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The chimera of ideology in the twentieth century

Journal: The Digital Scholar: Philosopher’s Lab (Vol.1, No. 3)

Publication Date:

Authors : ;

Page : 134-150

Keywords : ideology; ideologization of science; scientific community; state scientific policy; political philosophy of science;

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The political philosophy of science is just beginning to form its subject field, which already encompasses the study of the interaction between power and knowledge, as well as the comprehension of the place of science in the political system. A possible direction of expanding the perspectives of the political philosophy of science involves studies on the manifestations of ideology in science. The article describes the forms of the fusion of political ideology and science in the twentieth century. It is noted that a consistent state scientific policy in Europe began to take shape no earlier than in the 1930s. At the same time, an increase in state funding for science was accompanied by the political elite's increasing control of the scientists' mindset and their scientific activities. From the beginning of its existence, the Soviet state solved the problem of a consistent and systematic development of science. The ideologization of scientific life in the USSR in the 1930–40s was manifested in an intense pressure of political ideology on some disciplinary communities (historians, biologists, physicists). The authorities chose the directive method of ideological coercion of scientists, and it resulted in an external dialectical-materialistic unanimity having a superficial character. A different strategy of ideological control through economic and legislative tools was developed in the United States. Among the factors ideologizing scientific research there is religious fundamentalism. Ideologically correct research is encouraged through public and private foundations. The ideas and scientific theories condemned by the ruling elite are discriminated legislatively and financially. The effect of such a method of ideologization proves to be more lasting and profound than from an explicit bureaucratic influence. The article concludes that in the twentieth century the ideologization of scientific life became a reality in all countries with developed scientific institutions. State policy requires scientists to demonstrate loyalty to political elites.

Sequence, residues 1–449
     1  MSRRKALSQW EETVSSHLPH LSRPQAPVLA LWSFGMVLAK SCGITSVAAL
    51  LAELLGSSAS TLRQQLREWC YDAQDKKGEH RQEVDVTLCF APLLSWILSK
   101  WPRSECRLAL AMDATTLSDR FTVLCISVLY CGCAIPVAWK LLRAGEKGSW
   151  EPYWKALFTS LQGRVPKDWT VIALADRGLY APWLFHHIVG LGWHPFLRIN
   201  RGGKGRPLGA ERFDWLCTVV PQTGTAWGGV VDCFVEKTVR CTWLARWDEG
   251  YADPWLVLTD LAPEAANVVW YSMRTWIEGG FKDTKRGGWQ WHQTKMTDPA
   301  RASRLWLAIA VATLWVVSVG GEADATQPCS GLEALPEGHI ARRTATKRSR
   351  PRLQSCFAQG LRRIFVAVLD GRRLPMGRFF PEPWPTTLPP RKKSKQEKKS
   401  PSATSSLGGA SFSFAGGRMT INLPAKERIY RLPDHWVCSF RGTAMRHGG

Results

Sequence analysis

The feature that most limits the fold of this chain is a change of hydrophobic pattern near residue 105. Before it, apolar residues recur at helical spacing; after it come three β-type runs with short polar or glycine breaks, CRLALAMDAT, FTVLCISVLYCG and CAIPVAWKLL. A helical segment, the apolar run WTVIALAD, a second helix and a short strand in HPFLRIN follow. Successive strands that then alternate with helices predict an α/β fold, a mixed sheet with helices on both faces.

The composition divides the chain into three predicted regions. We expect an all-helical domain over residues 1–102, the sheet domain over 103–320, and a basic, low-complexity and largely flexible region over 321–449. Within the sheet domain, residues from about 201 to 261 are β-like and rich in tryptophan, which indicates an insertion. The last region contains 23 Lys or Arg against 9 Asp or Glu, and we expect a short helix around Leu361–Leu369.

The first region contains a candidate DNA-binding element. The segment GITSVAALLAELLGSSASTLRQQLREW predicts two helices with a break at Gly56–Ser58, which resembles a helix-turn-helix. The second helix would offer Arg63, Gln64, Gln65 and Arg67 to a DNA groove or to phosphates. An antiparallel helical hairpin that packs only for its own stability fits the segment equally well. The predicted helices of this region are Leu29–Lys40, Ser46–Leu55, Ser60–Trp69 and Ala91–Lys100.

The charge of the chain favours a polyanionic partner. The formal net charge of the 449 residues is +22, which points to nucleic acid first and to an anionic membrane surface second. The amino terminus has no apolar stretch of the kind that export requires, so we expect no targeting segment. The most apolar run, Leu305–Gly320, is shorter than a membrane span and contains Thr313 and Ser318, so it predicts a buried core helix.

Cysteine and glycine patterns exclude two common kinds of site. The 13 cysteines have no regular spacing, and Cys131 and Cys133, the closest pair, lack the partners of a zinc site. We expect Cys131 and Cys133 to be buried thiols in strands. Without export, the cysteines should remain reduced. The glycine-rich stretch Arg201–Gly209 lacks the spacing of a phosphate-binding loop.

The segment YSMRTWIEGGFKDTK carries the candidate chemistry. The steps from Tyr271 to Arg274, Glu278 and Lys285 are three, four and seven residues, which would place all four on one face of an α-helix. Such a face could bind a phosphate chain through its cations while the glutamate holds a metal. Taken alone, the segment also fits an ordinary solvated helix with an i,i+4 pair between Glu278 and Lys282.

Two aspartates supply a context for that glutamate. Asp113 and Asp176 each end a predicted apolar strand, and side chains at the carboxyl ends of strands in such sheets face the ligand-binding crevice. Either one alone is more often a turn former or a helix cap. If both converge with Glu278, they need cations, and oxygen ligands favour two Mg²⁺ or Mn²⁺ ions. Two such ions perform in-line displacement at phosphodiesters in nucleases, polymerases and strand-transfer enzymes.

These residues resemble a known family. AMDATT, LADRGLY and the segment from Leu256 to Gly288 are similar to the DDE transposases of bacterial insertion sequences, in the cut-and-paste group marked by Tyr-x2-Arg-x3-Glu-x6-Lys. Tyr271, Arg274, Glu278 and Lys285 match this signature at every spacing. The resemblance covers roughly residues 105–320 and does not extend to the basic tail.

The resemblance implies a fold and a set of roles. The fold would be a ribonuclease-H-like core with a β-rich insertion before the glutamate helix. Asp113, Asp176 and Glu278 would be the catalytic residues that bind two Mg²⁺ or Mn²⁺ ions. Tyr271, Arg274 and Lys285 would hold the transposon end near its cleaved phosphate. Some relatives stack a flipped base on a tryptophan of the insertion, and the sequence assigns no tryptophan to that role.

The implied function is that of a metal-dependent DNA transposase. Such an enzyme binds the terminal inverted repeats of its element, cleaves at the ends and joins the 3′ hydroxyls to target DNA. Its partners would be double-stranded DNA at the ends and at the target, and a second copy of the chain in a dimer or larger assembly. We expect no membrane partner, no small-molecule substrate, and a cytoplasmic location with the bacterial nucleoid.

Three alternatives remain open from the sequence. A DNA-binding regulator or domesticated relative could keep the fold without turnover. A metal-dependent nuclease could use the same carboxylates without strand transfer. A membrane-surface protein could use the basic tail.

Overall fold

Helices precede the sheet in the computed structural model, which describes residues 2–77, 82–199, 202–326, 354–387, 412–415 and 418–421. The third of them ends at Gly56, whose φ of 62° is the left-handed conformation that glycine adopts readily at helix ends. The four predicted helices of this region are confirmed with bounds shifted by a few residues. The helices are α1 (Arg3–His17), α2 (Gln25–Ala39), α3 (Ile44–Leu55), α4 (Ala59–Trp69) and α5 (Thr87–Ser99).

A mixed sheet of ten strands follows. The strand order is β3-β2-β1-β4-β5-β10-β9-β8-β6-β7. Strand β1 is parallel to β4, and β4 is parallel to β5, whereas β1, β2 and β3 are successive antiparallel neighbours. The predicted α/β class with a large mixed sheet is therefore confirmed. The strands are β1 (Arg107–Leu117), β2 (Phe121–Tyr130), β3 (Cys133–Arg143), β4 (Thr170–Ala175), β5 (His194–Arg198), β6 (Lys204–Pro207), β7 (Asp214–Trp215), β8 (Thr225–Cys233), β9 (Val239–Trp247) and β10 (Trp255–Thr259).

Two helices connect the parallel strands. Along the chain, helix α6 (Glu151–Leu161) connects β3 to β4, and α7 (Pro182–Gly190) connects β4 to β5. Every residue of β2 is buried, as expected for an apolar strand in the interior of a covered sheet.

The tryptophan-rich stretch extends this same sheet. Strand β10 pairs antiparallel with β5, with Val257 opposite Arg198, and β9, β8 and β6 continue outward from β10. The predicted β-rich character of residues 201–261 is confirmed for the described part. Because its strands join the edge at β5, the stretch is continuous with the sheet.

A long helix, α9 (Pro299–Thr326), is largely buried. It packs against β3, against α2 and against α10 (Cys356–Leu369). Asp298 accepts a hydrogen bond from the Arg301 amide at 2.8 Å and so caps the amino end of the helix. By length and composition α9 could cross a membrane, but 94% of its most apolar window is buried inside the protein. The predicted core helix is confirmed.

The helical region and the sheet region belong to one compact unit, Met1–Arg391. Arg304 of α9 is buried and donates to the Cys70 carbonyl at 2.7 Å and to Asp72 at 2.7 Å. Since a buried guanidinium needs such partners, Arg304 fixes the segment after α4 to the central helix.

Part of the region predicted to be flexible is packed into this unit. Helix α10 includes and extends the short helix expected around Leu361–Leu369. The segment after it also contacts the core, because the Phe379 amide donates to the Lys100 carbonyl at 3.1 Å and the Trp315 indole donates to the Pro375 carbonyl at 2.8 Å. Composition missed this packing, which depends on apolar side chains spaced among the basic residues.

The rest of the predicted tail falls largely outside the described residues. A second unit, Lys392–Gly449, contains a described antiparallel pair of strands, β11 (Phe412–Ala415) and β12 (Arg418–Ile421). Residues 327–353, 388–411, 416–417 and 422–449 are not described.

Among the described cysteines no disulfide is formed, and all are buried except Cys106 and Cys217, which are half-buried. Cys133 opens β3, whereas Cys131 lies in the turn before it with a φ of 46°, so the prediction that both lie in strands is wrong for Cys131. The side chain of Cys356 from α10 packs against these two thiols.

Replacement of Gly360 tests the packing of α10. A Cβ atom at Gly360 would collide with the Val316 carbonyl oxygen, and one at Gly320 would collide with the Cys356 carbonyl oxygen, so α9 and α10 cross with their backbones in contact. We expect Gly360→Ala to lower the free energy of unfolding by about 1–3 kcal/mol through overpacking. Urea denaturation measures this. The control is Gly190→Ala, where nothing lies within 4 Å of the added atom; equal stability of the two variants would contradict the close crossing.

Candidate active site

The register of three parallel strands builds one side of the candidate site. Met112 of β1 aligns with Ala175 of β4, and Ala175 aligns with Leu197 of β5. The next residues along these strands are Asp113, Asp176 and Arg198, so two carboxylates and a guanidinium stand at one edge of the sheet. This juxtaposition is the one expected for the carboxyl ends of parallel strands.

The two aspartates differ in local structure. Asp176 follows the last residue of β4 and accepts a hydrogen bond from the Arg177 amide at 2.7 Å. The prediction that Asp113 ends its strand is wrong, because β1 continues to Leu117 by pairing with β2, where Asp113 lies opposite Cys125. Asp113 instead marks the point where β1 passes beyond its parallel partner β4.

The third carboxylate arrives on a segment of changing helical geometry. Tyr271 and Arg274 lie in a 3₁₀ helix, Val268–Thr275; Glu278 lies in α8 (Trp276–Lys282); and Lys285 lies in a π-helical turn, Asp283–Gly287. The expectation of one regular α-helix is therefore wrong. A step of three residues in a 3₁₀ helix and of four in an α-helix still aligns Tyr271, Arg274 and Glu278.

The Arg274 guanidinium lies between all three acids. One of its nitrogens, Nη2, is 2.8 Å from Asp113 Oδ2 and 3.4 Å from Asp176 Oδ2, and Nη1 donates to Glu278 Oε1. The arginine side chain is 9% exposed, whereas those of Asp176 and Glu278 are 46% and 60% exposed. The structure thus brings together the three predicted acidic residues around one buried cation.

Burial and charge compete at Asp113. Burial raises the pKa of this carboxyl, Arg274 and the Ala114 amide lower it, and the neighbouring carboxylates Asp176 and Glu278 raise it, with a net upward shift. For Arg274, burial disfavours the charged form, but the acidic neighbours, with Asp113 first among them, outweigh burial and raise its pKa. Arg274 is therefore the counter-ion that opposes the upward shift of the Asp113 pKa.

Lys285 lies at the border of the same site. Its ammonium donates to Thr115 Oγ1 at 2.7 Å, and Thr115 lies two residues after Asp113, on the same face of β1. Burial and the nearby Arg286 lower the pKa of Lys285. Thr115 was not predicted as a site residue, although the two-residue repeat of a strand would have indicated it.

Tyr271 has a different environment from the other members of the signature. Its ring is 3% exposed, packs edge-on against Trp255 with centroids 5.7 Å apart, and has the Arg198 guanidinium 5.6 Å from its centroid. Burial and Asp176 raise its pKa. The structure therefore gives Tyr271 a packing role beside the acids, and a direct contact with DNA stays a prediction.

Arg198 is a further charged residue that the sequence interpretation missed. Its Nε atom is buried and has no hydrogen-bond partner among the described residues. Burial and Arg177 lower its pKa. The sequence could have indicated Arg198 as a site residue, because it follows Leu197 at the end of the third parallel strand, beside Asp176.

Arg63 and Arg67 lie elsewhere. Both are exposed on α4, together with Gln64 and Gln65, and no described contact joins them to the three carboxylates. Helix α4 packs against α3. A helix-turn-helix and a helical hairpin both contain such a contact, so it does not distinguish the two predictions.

Last modified: 2020-03-01 19:39:50